In this series we asked artists and photographers to share photo diaries of life in quarantine.
This conversation has been edited for clarity.
“I wake up, walk the dog, try to be productive. Win some, fail some. Laze around enough to have a good immune system, eat, check up on social media, belly-rub the dog. Lately I’ve been enjoying some funked up covers from Scary Pockets, China news with puns from China Uncensored. Also rereading my notes from exhibits, talks, etc., and trying to relearn playing the guitar.
“I was supposed to have a show this June at the CCP, which is moved to next year. I was supposed to hang out with friends and talk about future projects, but those are postponed indefinitely, because online just doesn’t do it. One major difficulty is thinking about what the future would bring, how are we going to get out of this mess.
“There is a need, want to be more productive, but with the caveat that no one can be burned out in this situation, and have a weak immune system. So balancing the want to be productive, and focusing on something balanced, with lazing around to stay healthy. The lockdown has afforded me more time to work, research, and think. I got to thinking more about art that could heal, make you laugh, and make people more upbeat, because happiness is aligned with health.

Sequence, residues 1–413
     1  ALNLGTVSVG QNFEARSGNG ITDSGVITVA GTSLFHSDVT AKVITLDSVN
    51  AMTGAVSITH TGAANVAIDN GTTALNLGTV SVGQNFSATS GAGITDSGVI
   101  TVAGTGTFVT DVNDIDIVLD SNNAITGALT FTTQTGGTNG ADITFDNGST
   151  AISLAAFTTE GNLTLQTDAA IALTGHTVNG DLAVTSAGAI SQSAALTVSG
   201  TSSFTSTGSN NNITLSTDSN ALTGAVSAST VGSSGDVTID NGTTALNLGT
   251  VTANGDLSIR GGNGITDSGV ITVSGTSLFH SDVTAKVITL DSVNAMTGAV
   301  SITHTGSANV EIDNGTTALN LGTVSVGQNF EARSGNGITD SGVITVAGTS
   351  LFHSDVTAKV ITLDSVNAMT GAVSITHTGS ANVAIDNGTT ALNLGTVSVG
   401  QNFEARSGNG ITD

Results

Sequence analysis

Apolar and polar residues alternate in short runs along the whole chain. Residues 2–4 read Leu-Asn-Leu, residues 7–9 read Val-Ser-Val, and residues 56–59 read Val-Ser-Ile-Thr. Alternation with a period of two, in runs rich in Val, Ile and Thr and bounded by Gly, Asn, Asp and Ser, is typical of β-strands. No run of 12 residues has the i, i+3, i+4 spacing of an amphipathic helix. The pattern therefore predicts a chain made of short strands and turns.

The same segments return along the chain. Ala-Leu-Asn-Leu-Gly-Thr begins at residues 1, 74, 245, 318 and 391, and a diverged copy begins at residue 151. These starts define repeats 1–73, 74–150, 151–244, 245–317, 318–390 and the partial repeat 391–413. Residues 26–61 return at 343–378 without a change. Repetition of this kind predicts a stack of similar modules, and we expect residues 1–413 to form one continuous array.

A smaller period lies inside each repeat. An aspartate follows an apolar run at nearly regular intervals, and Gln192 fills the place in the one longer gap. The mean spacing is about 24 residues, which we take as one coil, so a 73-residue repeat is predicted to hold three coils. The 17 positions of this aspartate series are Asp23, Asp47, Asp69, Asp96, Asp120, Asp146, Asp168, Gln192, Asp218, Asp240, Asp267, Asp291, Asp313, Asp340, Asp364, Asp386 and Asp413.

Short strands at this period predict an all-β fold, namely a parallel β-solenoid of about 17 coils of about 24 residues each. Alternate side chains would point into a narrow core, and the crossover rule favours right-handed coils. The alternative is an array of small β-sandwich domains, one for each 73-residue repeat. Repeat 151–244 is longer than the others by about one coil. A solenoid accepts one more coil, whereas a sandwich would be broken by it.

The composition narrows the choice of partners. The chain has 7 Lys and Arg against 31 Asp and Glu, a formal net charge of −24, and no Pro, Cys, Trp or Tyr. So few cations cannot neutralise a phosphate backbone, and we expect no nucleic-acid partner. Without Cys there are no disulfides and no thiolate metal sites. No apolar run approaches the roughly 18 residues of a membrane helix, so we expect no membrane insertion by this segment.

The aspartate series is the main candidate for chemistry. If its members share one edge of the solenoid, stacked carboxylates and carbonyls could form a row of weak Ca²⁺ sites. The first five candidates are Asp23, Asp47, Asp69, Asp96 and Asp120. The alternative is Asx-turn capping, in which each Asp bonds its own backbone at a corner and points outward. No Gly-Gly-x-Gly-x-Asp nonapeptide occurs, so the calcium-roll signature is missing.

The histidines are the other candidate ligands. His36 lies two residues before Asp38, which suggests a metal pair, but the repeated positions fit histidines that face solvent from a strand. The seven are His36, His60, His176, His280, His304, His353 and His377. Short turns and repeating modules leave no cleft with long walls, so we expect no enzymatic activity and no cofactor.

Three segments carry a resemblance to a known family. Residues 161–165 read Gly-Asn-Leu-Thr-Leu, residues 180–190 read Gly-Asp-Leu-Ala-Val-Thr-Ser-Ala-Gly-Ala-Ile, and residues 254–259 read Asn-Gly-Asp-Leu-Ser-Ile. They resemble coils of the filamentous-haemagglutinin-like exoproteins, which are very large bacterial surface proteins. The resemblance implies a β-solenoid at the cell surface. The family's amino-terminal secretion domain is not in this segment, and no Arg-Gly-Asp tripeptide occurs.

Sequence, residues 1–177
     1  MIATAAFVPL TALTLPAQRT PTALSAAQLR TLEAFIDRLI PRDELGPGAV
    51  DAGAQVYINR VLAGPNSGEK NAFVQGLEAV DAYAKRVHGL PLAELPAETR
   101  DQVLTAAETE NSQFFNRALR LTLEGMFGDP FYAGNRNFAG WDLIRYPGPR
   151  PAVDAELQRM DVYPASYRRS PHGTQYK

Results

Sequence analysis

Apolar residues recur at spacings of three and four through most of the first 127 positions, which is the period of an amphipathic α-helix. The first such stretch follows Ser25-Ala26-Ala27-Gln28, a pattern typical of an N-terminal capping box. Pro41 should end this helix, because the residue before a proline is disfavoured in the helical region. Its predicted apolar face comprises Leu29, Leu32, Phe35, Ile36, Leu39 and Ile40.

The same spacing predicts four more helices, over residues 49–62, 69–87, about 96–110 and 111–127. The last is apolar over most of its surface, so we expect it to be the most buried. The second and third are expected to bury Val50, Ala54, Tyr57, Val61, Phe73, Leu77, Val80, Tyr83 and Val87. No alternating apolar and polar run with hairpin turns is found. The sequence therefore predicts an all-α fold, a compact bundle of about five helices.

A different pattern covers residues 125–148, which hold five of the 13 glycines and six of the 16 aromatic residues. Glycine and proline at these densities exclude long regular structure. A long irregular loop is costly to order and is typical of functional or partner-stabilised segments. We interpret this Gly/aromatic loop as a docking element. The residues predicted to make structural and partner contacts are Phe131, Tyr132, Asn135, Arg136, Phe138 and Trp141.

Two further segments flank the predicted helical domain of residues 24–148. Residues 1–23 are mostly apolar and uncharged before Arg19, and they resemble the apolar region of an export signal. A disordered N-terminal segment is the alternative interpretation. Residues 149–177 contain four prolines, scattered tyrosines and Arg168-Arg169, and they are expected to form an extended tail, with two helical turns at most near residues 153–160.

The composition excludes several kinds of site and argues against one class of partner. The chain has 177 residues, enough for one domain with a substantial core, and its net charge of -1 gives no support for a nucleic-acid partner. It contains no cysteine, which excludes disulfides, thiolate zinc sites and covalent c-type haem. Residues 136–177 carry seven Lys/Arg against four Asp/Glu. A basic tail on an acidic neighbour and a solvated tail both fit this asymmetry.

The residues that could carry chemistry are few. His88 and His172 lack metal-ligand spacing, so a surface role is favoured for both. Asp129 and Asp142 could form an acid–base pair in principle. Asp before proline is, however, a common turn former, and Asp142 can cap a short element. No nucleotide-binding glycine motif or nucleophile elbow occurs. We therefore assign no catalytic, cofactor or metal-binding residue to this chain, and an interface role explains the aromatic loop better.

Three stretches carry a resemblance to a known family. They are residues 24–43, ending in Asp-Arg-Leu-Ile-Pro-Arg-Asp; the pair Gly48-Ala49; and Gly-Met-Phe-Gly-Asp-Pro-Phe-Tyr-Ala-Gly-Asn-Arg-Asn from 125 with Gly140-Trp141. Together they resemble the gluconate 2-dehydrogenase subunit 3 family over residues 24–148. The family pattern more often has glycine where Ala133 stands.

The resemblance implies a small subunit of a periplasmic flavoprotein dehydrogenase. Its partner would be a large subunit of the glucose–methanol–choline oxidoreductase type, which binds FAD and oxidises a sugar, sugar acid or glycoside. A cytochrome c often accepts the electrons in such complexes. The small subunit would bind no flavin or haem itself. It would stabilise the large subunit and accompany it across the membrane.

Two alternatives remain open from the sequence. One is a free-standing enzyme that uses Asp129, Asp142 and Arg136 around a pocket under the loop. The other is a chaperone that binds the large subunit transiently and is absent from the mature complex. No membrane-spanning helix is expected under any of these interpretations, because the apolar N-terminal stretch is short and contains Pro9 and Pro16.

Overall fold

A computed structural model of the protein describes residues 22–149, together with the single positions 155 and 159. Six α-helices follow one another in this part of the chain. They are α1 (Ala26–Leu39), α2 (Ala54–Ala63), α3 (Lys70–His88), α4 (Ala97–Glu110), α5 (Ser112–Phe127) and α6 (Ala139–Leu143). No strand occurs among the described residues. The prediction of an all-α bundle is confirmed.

I got to thinking more about art that could heal, make you laugh, and make people more upbeat, because happiness is aligned with health.
“After the lockdown, I most look forward to going out and hanging out with friends, hoping that people will not have amnesia to hold the Chinese Communist Party and WHO accountable, that there is no permanent damage caused by the virus, that an effective and safe vaccine be made and distributed soon, that incompetent and competent leaders be remembered for their actions now, on the next election, that there won’t be a ‘new normal’ with this virus still around, and people having to exercise social distancing, and that people will cherish the ability to be around others physically, more. To hope is free, might as well hope for a lot.” —Gerome Soriano as told to Jed Gregorio
Gerome Soriano is a visual artist who lives in Manila, Philippines. Mostly working with photographs, videos, and zines, he uses daily activities and everyday objects as take-off points to tell stories about contemporary issues, history, and ideas.